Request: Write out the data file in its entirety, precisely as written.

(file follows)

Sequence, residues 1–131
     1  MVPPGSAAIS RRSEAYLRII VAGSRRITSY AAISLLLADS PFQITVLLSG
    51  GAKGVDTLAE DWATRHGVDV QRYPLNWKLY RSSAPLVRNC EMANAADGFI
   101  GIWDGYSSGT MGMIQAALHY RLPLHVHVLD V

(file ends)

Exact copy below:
Sequence, residues 1–131
     1  MVPPGSAAIS RRSEAYLRII VAGSRRITSY AAISLLLADS PFQITVLLSG
    51  GAKGVDTLAE DWATRHGVDV QRYPLNWKLY RSSAPLVRNC EMANAADGFI
   101  GIWDGYSSGT MGMIQAALHY RLPLHVHVLD V